The algorithm is based in **[4]**(p. 3).

**Returns**

- Geocentric latitude [rad].
- Radius from the center of the Earth [m].

**References**

**[4]**ISO TC 20/SC 14 N (2011). Geomagnetic Reference Models.

`SatelliteToolbox.geomag_dipole`

— Function`geomag_dipole(r_e::AbstractVector, pole_lat::Number, pole_lon::Number, m::Number)`

Compute the geomagnetic field [nT] using the simplified dipole model at position `r_e`

(ECEF reference frame). This function considers that the latitude of the South magnetic pole (which lies in the North hemisphere) is `pole_lat`

[rad] and the longitude is `pole_lon`

[rad]. Furthermore, the dipole moment is considered to be `m`

[A.m²].

`geomag_dipole(r_e::AbstractVector, year::Number = 2019)`

Compute the geomagnetic field [nT] using the simplified dipole model at position `r_e`

(ECEF reference frame). This function uses the year `year`

to obtain the position of the South magnetic pole (which lies in the North hemisphere) and the dipole moment. If `year`

is omitted, then it will be considered as 2019.

**Remarks**

In both functions, the output vector will be represented in the ECEF reference frame.

`SatelliteToolbox.get_Ap`

— Method`get_Ap(JD::Number; mean::Tuple{Int} = (), daily = false)`

Return the Ap index.

If `mean`

is a tuple of two integers `(hi, hf)`

, then the average between `hi`

and `hf`

previous hours will be computed.

If `mean`

is empty and `daily`

is `true`

, then the day average will be computed.

If `mean`

keyword is empty, and `daily`

keyword is `false`

, then the Ap at Julian day `JD`

will be computed.

By default, `mean`

is empty and `daily`

is `false`

.

`SatelliteToolbox.get_DstΔTc`

— Method`get_DstΔTc(JD::Number)`

Get the value of the index `DstΔTc`

at Julian Day `JD`

.

This function requires the initialization of the variable `_dtcfile_data`

. Otherwise, an exception will be raised. To initialize it, run `init_space_indices()`

.

`SatelliteToolbox.get_F10`

— Method`get_F10(JD::Number)`

Get the value of the index `F10`

at Julian Day `JD`

.

This function requires the initialization of the variable `_solfsmy_data`

. Otherwise, an exception will be raised. To initialize it, run `init_space_indices()`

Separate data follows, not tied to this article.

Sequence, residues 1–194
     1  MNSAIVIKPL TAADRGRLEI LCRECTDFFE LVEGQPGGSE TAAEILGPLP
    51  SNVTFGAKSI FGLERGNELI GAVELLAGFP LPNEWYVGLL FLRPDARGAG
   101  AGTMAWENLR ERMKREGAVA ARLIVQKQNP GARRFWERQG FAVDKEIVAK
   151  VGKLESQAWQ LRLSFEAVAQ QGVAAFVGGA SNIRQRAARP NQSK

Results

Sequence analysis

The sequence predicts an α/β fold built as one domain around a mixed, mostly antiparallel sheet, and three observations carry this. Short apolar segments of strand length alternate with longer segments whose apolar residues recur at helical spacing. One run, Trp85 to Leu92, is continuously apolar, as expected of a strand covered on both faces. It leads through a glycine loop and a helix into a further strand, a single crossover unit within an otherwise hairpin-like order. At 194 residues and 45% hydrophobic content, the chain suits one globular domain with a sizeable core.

.

`SatelliteToolbox.get_F81a`

— Method`get_F81a(JD::Number)`

Get the value of the index `F81a`

at Julian Day `JD`

.

This function requires the initialization of the variable `_solfsmy_data`

. Otherwise, an exception will be raised. To initialize it, run `init_space_indices()`

.

`SatelliteToolbox.get_Kp`

— Method`get_Kp(JD::Number)`

Return the Kp index at Julian Day `JD`

.

`SatelliteToolbox.get_M`

— Function`get_M(orb)`

Return the mean anomaly of the representation `orb`

[rad].

`SatelliteToolbox.get_M10`

— Method`get_M10(JD::Number)`

Get the value of the index `M10`

at Julian Day `JD`

.

This function requires the initialization of the variable `_solfsmy_data`

. Otherwise, an exception will be raised. To initialize it, run `init_space_indices()`

.

`SatelliteToolbox.get_M81a`

— Method`get_M81a(JD::Number)`

Get the value of the index `M81a`

at Julian Day `JD`

.

`_solfsmy_data`

. Otherwise, an exception will be raised. To initialize it, run `init_space_indices()`

.

`SatelliteToolbox.get_S10`

— Method`get_S10(JD::Number)`

Get the value of the index `S10`

at Julian Day `JD`

.

`_solfsmy_data`

. Otherwise, an exception will be raised. To initialize it, run `init_space_indices()`

.

`SatelliteToolbox.get_S81a`

— Method`get_S81a(JD::Number)`

Get the value of the index `S81a`

at Julian Day `JD`

.

`_solfsmy_data`

. Otherwise, an exception will be raised. To initialize it, run `init_space_indices()`

.

`SatelliteToolbox.get_Y10`

— Method`get_Y10(JD::Number)`

Get the value of the index `Y10`

at Julian Day `JD`

.

`_solfsmy_data`

. Otherwise, an exception will be raised. To initialize it, run `init_space_indices()`

.

`SatelliteToolbox.get_Y81a`

— Method`get_Y81a(JD::Number)`

Get the value of the index `Y81a`

at Julian Day `JD`

.

`_solfsmy_data`

. Otherwise, an exception will be raised. To initialize it, run `init_space_indices()`

.

`SatelliteToolbox.get_a`

— Function`get_a(orb)`

Return the semi-major axis of the orbit representation `orb`

[m].

`SatelliteToolbox.get_argp`

— Method`get_argp(orb)`

Return the argument of periapsis of the representation `orb`

[rad].

`SatelliteToolbox.get_e`

— Function`get_e(orb)`

Return the eccentricity of the orbit representation `orb`

.

`SatelliteToolbox.get_epoch`

— Function`get_epoch(orbp)`

Return the epoch of the propagator `orbp`

[JD].

`SatelliteToolbox.get_epoch`

— Method`get_epoch(orb)`

Return the epoch of the orbit representation `orb`

[m].

`SatelliteToolbox.get_f`

— Function`get_f(orb)`

Return the true anomaly of the representation `orb`

[rad].

`SatelliteToolbox.get_i`

— Function`get_i(orb)`

Return the inclination of the orbit representation `orb`

[rad].

`SatelliteToolbox.get_iers_eop`

— Method`get_iers_eop([data_type]; force_download = false)`

Download and parse the IERS EOP C04 data. The data type is specified by `data_type`

. Supported values are:

`Val(:IAU1980)`

: Get IERS EOP C04 IAU1980 data.`Val(:IAU2000A)`

: Get IERS EOP C04 IAU2000A data.

If `data_type`

is omitted, then it defaults to `Val(:IAU1980)`

.

The files are downloaded using the `RemoteFile`

package with daily updates. Hence, if one desires to force a download before the scheduled time, then set the keyword `force_download`

to `true`

.

The files will be downloaded from the default URL. If the user want to use another one, then use the specialized functions `get_iers_eop_iau_1980`

, `get_iers_eop_iau_2000A`

See also: `get_iers_eop_iau_1980`

, `get_iers_eop_iau_2000A`